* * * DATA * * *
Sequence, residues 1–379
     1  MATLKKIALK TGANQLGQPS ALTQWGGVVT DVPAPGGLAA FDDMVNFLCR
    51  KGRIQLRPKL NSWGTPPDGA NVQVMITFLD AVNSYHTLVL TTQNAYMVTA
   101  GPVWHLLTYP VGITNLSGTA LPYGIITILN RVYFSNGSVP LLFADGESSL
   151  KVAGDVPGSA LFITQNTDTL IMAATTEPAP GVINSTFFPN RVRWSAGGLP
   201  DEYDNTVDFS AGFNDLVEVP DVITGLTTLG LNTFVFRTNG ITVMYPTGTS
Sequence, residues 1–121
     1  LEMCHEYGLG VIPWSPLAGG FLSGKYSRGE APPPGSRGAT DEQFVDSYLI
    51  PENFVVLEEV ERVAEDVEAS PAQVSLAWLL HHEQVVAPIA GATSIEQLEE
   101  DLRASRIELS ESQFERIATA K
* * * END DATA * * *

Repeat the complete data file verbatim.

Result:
Sequence, residues 1–379
     1  MATLKKIALK TGANQLGQPS ALTQWGGVVT DVPAPGGLAA FDDMVNFLCR
    51  KGRIQLRPKL NSWGTPPDGA NVQVMITFLD AVNSYHTLVL TTQNAYMVTA
   101  GPVWHLLTYP VGITNLSGTA LPYGIITILN RVYFSNGSVP LLFADGESSL
   151  KVAGDVPGSA LFITQNTDTL IMAATTEPAP GVINSTFFPN RVRWSAGGLP
   201  DEYDNTVDFS AGFNDLVEVP DVITGLTTLG LNTFVFRTNG ITVMYPTGTS
Sequence, residues 1–121
     1  LEMCHEYGLG VIPWSPLAGG FLSGKYSRGE APPPGSRGAT DEQFVDSYLI
    51  PENFVVLEEV ERVAEDVEAS PAQVSLAWLL HHEQVVAPIA GATSIEQLEE
   101  DLRASRIELS ESQFERIATA K